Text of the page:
Barbara Kingsolver's Latest Fiction

Life on the farm ain't always a picnic


The steaks, chops, and roasts in our dining room deep chest freezer were often labeled with the names of the cows and pigs from which they came. About ninety percent of the food I ate growing up came from the pastures, fields, and the garden on my family's farm. The garden was fertilized with manure that I personally shoveled from the dairy barn and our house was heated with wood that I personally chopped and stacked every summer. I know from farming. So I have been some what bemused by the recent spate of pretentious back-to-the-land, eat local books including Michael Pollan's absurdly overwrought The Omnivore's Dilemma and Alisa Smith and J.B. MacKinnon's Plenty. Pollan actually went out and killed an animal and then ate it—just imagine! How deliciously and primitively recherché! The latest of these is the New York Times bestseller, Animal, Vegetable, Miracle: A Year of Food Life, by novelist Barbara Kingsolver with help from her daughters and husband.

Kingsolver and her family recently moved to a 100 acre farm near the one in Meadowview, VA, on which I helped slaughter and butcher cows, pigs, chickens, turkeys, ducks, geese, and where we kept a root cellar filled with potatoes and turnips; 20 or so hives for honey; churned butter, canned cherries, tomatoes, cucumbers, beans, corn, blackberries, and nearly anything else fruit or vegetable that we could coax out of the soil. Beans were dried for winter storage strung on threads above my bed. That was how we fed ourselves year round with trips to the local Piggly Wiggly reserved for picking up essentials like toilet paper and soap. Little did I know that my family's hardscrabble farm would four decades later be at the forefront of a new food fashion trend.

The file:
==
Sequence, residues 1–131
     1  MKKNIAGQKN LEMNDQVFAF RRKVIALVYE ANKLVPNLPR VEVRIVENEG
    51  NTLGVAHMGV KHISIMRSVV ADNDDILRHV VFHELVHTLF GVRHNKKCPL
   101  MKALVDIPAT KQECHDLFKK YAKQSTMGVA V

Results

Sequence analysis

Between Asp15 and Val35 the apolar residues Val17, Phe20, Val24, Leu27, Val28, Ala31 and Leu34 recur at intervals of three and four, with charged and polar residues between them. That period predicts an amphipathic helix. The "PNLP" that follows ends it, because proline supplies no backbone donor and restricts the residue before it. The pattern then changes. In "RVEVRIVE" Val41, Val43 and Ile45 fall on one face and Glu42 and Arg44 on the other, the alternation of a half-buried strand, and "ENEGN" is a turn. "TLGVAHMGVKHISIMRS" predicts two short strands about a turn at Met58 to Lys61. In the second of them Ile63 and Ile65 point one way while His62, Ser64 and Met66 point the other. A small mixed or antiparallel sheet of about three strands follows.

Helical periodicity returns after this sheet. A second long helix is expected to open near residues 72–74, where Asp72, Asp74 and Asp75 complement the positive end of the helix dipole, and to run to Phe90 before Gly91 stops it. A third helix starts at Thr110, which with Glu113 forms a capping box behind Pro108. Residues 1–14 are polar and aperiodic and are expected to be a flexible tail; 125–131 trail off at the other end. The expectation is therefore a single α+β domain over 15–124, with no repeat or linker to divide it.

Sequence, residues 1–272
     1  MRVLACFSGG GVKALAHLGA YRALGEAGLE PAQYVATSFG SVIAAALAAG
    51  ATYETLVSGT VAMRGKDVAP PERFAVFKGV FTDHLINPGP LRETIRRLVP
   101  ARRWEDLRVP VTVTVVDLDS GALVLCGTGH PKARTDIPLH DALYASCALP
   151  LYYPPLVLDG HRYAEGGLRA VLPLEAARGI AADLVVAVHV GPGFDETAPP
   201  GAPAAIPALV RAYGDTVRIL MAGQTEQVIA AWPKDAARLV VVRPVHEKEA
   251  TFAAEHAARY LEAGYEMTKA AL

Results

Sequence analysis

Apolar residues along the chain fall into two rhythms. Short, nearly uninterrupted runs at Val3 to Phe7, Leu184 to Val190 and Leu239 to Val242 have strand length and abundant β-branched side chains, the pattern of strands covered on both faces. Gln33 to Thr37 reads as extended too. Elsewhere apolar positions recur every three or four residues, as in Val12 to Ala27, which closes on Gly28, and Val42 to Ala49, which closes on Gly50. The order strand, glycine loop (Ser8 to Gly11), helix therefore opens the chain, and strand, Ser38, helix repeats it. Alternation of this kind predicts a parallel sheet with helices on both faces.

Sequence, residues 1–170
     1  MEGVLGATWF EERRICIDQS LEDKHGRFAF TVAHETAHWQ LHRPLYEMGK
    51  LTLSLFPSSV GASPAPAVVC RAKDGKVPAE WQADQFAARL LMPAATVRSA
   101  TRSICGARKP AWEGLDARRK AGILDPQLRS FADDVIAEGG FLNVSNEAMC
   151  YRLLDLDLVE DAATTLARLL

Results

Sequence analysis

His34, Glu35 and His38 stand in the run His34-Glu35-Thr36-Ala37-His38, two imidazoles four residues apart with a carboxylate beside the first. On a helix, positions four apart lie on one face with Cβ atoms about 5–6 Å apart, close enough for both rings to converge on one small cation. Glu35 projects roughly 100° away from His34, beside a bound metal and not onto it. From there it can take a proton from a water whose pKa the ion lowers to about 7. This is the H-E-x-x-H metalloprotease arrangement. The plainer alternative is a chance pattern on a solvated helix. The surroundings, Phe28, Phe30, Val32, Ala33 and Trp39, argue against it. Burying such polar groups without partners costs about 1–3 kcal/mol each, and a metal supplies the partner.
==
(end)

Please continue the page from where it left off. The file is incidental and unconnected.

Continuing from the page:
Once ensconced on their 100 acre farm tucked away in a holler in Washington County, Kingsolver tells the tale of how her family decided to spend a whole year trying to eat nothing but what was grown on their farm or could be bought from local farmers. What follows is a sometimes lyrical story of planting, weeding, butchering, and canning. Unfortunately, Kingsolver adopts absolutely every one the modern urban fables with regard to food production, starting with the claim that organic is more nutritious. There is very little scientific evidence for that claim. In addition, organic is not necessarily better for nature since yields are generally lower than conventional farming, which means that more land must be used to produce food.

Reading Kingsolver, one could also conclude that pesticides were created by giant chemical companies whose sole aim was to cause cancer. But even the American Cancer Society agrees that there is "no evidence that residues of pesticides and herbicides at the low doses found in foods increase the risk of cancer." Studies also show that eliminating pesticides could cut corn yields by 30 percent, rice by 57 percent, soybeans by 37 percent, and wheat by 24 percent. Again, that would mean that a lot more of nature would have to be plowed up to maintain the food supply at current levels.

Family farms are not declining because of some conspiracy by industrial ag giants. Actually, what happened is that farmers became so productive that we needed fewer of them. In 1950, 15 percent of Americans lived on farms. Today only 1 percent of us live on farms. The meantime, the output of staples like wheat and corn nearly tripled, while vegetables nearly quadrupled. And the amount of land devoted to crops fell slightly. This dramatically increased agricultural productivity liberated many like me from farm labor so that we could do other work.